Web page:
Planned Parenthood, Women's Health Issues, Nurses could rule the US - pg.10 | allnurses

Planned Parenthood, Women's Health Issues, Nurses could rule the US - page 13

With more than 3,000,000 nurses, yes that is 3 MILLION PLUS nurses in the US why aren't we ruling? Just think if every nurse emailed their representatives in government and told them to stop trying... Read More

  1. Visit  everwonder_y profile page
    1
    Quote from alpha omega
    If people aren’t using contraceptives now, which are free (under title x and other programs) or cheap, as I explained before, what makes you think they’ll use them if the hhs mandate goes through?
    The HHS preventive care provisions is based in value-based insurance design. That is that high value services like cancer screenings, immunizations, family planning, cholesterol and hypertension screenings, etc, services that prevent more costly treatments should be covered with no cost-sharing.

    Preventive Care Provisions under the PPACA

    Contraceptives are getting the most exposure, but the preventive care provisions include a lot more than that.

    Health insurers are on board because it levels the playing field so to speak. In the US most people change insurance companies every 2-5 years, there is little incentive for insurers to encourage cost-saving preventive care where the benefit is likely realized years later by another company. This way people can hop around from company to company but still be guaranteed the same access to preventive care and all insurance companies realize the benefit.

    Assessing the Evidence of Value-Based Insurance Design
    Last edit by everwonder_y on Apr 23, '12 : Reason: fixed links
    subee likes this.
  2. Visit  alpha omega profile page
    0
    There is a difference between professional ethics and moral ethics. Professional ethics are the way a particular profession carries out its mission. Moral ethics are based in natural law.


    I totally understand recognizing the futility of recussitating an 18weeker or heroic measures to a person with a terminal illness. But there are different levels of wrongness. The heroic measures you mentioned aren’t designed to kill, but to attempt to save life. It may be futile, but it’s still directed at livesaving.


    On the other hand in the abortifacient devices that would be mandated under hhs are aimed at taking life.


    According to the National Conference of State Legislatures website (2012), 28 states have contraceptive mandates. 20 of them have appeals processes for faith-based institutions to be exempt from these mandates. 8 states have no apparent appeals process.


    Again, the HHS mandate is about an attempt to dismantle the First Amendment. Forcing health care providers to participate in actions against their conscience is a major overreach for the Federal Government. It is not a referendum on any particular religion’s teachings.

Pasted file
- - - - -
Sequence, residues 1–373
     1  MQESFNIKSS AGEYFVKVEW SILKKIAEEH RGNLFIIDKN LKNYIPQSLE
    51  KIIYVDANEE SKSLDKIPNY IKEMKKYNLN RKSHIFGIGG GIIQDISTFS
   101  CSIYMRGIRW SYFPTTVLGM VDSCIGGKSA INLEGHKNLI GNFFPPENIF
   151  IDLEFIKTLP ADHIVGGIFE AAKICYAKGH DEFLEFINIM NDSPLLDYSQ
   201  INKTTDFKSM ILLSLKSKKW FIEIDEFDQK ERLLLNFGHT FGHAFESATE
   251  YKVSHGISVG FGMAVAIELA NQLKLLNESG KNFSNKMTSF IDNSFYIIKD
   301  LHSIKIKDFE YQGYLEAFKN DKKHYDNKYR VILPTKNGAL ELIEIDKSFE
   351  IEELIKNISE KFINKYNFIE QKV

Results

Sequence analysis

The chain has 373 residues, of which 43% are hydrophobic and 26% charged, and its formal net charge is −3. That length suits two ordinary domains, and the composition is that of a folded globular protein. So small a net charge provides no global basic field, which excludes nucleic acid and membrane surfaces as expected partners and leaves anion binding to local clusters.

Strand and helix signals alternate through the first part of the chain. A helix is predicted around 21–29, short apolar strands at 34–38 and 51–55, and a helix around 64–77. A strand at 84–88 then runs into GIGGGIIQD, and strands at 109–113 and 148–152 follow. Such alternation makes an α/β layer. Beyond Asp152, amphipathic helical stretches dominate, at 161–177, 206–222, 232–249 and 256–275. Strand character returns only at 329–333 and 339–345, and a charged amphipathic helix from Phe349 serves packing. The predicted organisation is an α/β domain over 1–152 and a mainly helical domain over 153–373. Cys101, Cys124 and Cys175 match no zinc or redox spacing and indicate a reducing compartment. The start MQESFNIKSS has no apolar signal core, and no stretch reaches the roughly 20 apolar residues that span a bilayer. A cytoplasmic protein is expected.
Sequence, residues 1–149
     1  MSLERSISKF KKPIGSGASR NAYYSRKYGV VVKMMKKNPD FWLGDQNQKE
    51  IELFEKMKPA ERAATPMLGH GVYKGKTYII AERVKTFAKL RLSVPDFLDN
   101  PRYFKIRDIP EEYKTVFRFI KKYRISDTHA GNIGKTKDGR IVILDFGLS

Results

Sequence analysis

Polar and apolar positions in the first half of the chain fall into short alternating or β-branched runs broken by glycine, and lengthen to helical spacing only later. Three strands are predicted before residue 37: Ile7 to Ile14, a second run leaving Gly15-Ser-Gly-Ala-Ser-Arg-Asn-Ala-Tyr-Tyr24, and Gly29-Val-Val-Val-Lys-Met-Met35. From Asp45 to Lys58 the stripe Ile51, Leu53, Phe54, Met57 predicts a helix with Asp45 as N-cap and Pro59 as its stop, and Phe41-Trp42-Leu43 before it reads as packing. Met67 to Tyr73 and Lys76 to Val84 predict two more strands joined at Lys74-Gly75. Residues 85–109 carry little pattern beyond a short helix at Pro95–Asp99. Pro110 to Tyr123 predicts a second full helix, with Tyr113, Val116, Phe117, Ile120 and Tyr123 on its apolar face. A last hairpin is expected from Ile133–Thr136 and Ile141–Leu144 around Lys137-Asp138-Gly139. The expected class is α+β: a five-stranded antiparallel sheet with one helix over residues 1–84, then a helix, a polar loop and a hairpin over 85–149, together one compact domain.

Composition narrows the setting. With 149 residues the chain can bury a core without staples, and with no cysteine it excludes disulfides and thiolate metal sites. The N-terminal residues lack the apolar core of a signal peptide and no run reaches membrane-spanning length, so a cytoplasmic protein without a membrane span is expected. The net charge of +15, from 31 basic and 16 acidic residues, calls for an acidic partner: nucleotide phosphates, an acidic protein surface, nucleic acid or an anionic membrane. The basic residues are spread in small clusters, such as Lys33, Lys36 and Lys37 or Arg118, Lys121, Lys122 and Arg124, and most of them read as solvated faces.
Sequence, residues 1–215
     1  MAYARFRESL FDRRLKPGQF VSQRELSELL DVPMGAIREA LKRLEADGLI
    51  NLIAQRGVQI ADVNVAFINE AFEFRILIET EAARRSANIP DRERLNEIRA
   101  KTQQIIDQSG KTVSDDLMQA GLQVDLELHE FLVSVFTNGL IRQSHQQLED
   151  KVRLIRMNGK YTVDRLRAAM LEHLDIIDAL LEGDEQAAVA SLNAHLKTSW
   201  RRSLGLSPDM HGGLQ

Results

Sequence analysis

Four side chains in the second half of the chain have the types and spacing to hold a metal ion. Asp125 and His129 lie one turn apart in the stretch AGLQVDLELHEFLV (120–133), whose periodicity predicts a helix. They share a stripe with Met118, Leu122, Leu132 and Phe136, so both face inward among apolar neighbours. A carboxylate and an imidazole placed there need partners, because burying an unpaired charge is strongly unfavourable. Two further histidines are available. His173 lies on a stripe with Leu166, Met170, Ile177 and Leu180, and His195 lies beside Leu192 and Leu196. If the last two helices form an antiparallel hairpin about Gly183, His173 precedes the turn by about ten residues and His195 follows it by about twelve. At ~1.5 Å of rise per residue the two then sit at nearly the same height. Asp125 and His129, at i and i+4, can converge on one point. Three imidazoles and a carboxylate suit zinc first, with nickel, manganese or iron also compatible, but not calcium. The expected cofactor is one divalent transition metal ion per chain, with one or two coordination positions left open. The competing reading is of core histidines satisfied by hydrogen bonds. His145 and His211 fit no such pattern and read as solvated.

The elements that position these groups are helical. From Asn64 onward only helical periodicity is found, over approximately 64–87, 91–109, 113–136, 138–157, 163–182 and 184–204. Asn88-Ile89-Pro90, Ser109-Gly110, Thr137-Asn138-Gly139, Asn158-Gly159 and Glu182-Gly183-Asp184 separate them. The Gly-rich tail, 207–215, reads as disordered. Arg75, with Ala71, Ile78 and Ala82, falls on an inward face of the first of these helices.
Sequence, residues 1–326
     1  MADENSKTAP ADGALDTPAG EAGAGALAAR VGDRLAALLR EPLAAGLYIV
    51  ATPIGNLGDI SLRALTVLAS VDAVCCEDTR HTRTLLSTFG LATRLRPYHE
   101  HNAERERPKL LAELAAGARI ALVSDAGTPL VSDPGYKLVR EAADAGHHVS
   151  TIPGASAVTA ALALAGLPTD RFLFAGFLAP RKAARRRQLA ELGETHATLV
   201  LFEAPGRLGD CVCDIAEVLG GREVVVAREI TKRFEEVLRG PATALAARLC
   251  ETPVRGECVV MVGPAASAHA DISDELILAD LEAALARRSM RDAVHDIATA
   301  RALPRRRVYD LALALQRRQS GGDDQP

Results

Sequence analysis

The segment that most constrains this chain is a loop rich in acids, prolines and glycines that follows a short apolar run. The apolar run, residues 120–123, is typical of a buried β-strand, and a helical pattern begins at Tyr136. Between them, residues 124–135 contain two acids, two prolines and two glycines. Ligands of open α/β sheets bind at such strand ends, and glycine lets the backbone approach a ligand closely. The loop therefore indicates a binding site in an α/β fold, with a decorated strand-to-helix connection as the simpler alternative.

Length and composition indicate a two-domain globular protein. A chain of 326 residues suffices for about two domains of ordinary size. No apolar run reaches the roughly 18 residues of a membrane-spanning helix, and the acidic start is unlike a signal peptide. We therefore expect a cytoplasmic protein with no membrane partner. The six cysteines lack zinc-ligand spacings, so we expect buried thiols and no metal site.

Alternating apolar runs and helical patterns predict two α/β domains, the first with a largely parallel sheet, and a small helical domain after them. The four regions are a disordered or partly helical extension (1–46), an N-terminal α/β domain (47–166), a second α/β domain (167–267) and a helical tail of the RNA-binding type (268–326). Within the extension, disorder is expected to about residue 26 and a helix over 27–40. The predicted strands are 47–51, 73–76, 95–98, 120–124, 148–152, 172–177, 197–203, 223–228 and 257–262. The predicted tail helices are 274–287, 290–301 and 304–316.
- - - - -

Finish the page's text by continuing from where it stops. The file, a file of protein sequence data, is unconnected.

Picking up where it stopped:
PS. Erm, fear is an emotion (as in “you’re scaring me”). Therefore, that was an emotional appeal. And yes the remark about God tapping somebody on the shoulder is definitely snide.
  3. Visit  MunoRN profile page
    2
    Quote from alpha omega
    There is a difference between professional ethics and moral ethics. Professional ethics are the way a particular profession carries out its mission. Moral ethics are based in natural law.
    You lost me with the "professional" vs "moral" ethics comparison. Both professional and personal ethics have a basis in morals, which in turn are based in natural law and other principles. Personal ethics come from ones own morals, while professional ethics must consider and incorporate the morals and ethics of others.
    Quote from alpha omega
    I totally understand recognizing the futility of recussitating an 18weeker or heroic measures to a person with a terminal illness. But there are different levels of wrongness. The heroic measures you mentioned aren't designed to kill, but to attempt to save life. It may be futile, but it's still directed at livesaving.
    By definition, if it's futile then it's not directed at lifesaving.
    Quote from alpha omega
    On the other hand in the abortifacient devices that would be mandated under hhs are aimed at taking life.
    Perhaps you could clarify this.
    Quote from alpha omega
    According to the National Conference of State Legislatures website (2012), 28 states have contraceptive mandates. 20 of them have appeals processes for faith-based institutions to be exempt from these mandates. 8 states have no apparent appeals process.
    Again, the HHS mandate is about an attempt to dismantle the First Amendment. Forcing health care providers to participate in actions against their conscience is a major overreach for the Federal Government. It is not a referendum on any particular religion's teachings.
    PPACA makes no requirements of health care providers to prescribe contraception, only for insurers to cover preventative care, which includes contraception, without a surcharge.
    PPACA does not inhibit a person's ability to practice their religion. I think people forget that preserving someone's right not to practice your religion is also freedom of religion.
    In terms of "forcing health care providers to participate in actions against their conscience", welcome to healthcare, I participate in care that goes against my conscience nearly daily.
    tewdles and PMFB-RN like this.
  4. Visit  subee profile page
    1
    Alpha Omega: How many unwanted babies have you adopted? It's easy to talk, another thing to take action. What have you personally done for these children? What you DO is what counts...not what you THINK.
    grownuprosie likes this.

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